I knew of this advice around the time I reached draft 3 or 4, but at that point I'd put so much work into my book I didn't want to commit to a rewrite.
I didn't rewrite until draft 6, and it's one of the most important steps I had to make.
When you're editing, you stare at words for hours on end. Your brain knows what you've written, and you're prone to skim read and not pay full attention. Rewriting simply engages your brain on the words in front of you.
Also, when you've got hundreds of pages and multiple plots to work with it can feel fixed and brittle. It's like trying to rearrange a house of cards without the whole thing falling down--so you edit with a careful hand. But by rewriting you start to loosen things up, and make the story malleable again. You can shape it and fix the underlying issues without fear of collapse.
4) Beta Early, Beta Often
I didn't start using beta readers until around the 4th or 5th draft. Having betas had the biggest impact on the overall quality of my book. And it has been the most fun part of the process, for two reasons:
Getting compliments on your work is a huge motivator to press on. It helps you see that you're moving in the right direction. And, if you're like me, criticism does just the same. It gives direction, and lifts some of the fog when you get to glimpse reader's thoughts.
And secondly, my betas were authors also, and we'd read each other's manuscripts. This took up a lot of my time, but it was also extremely valuable. I learned a lot about how to quantify my own opinions and thoughts on writing (though sadly it didn't make me any less verbose--probably made it worse). And I learned a lot about my own process through it, and how it differs from that of others. I also discovered that I enjoy passing on knowledge to others, which is why I'm here now!
For my next book, I'm definitely starting the beta process after the initial rewrite.
5) Listen to your gut feelings
When it comes to large edits, especially when beta feedback necessitates changes, my first reaction was often: this is too much. To fix this is going to cause broad, sweeping changes that will require months of rewrites and plot changes, and editing character arcs and rewriting some of my favourite scenes.
It all gets overwhelming rather quick. I was willing to change almost anything to get my book in a place I was happy with. Yet, these grand changes were daunting.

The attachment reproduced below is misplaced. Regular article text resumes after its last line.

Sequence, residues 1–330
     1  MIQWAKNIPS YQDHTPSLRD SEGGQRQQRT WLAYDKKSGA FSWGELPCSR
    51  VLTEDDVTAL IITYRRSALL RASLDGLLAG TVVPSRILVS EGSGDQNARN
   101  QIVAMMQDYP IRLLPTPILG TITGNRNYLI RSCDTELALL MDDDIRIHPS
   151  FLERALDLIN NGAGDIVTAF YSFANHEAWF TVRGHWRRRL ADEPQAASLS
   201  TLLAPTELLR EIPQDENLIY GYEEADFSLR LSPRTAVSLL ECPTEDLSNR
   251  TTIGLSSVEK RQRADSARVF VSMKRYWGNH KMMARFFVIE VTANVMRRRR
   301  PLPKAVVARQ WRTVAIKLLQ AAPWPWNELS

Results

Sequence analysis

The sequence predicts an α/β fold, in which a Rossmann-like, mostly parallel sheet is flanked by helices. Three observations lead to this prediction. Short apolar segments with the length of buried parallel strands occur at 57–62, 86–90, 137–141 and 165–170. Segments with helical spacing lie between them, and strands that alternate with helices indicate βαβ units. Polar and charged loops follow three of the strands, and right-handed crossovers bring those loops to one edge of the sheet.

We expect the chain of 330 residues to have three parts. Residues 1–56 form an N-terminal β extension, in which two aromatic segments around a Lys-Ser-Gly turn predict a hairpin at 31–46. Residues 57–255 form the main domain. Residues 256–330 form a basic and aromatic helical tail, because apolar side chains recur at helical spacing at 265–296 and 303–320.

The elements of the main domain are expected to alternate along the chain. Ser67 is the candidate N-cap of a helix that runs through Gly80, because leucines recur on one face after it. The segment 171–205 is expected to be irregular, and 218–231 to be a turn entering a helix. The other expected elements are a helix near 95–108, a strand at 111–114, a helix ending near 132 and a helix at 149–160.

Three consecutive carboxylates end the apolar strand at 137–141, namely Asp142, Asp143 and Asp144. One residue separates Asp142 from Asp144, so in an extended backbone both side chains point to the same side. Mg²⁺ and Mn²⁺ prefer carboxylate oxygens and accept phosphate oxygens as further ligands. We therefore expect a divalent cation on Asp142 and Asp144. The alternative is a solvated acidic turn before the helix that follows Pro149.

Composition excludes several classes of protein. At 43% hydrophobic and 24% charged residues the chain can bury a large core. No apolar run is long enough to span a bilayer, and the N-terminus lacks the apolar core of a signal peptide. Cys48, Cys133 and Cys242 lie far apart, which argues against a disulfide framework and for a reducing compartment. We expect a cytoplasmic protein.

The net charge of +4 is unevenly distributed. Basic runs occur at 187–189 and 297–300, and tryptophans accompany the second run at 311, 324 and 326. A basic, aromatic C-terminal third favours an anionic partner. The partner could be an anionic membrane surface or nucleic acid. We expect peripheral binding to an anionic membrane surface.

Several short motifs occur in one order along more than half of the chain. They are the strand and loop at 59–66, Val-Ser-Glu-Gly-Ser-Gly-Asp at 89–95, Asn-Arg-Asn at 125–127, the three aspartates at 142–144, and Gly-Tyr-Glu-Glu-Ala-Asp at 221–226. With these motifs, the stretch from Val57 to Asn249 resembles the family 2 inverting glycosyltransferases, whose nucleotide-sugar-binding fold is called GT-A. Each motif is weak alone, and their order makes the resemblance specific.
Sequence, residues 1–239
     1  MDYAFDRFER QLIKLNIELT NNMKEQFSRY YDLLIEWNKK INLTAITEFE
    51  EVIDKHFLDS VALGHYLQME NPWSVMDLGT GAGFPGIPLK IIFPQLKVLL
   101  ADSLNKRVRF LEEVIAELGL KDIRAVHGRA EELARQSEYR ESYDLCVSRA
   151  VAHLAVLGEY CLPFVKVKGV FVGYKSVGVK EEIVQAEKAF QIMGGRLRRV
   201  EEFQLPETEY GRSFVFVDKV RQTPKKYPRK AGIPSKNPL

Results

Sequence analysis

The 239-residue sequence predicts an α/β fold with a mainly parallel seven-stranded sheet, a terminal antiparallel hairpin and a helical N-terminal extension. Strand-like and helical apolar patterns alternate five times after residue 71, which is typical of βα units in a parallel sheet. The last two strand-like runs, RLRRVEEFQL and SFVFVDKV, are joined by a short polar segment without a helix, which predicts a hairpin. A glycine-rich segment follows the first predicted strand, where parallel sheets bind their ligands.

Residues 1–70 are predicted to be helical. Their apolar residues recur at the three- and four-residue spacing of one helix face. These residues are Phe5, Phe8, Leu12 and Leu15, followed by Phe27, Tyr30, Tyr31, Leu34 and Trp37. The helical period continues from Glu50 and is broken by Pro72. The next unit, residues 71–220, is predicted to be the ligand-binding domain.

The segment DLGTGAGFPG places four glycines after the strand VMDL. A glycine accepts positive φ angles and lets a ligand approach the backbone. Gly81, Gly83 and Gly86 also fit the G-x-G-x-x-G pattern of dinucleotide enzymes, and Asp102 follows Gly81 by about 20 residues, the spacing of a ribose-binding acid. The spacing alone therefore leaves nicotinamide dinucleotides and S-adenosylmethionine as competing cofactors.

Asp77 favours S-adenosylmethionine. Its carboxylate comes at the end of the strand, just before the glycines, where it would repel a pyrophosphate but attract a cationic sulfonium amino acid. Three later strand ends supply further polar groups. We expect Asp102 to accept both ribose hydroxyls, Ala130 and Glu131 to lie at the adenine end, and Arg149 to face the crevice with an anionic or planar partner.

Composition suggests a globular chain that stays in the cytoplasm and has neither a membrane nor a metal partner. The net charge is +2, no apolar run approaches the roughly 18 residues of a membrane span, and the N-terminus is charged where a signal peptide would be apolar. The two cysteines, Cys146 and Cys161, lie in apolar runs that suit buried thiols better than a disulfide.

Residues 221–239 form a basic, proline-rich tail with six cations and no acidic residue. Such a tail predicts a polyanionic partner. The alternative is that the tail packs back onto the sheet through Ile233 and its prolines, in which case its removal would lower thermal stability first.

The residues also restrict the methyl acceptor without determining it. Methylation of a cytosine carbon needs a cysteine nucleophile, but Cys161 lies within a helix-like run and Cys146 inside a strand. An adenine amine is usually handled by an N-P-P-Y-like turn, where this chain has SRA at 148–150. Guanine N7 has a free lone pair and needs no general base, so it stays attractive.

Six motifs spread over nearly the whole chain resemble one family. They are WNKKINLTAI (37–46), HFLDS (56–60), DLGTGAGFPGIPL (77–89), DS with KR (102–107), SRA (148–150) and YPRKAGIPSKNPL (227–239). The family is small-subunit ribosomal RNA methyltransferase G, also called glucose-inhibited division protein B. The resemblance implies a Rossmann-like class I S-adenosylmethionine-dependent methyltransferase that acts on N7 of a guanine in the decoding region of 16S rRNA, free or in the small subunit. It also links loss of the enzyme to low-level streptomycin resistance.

It was often cause for despair for a week or two. Every attempt made had my subconscious screaming bloody murder, and fighting tooth and nail not to make the changes. Then, inevitably a simple solution would emerge. It turns out those enormous problems have a safe and simple solution that don't require the book to be gutted and reworked.
My subconscious is usually right when it comes to edits. If you really don't want to make a big change, stop and listen, and maybe you'll find an easier way just around the corner.
This is the vaguest item on the list. But I managed to get away with rewriting the entire character arcs of my two main protagonists without having it affect the course of the plot in a major "sorry you need to rewrite this now" way. Your book is a lot more malleable than you think it is!
In summary, I write way too much. But also, the self-edit is a very important part of the writing process. I think it is often neglected by younger writers, who tend to focus on the skill of story weaving and planning. But, if you ever want to finish your books, then editing you must learn. And the sooner you get started the sooner you'll make your mistakes, and the sooner you'll develop your own methods.
I hope this overly verbose mind dump has given you at least a leg up when it comes to starting your editing process!
My final thought is that if you love writing, then learn to love editing too. Because editing is a part of the process. Every other author is going through the same thing; which is all the more reason to start hoarding beta readers, and other writing critique partners! They can be your friends and allies through the trials of editing, and help make sure you're headed in the right direction.
Thank you, and write something every day.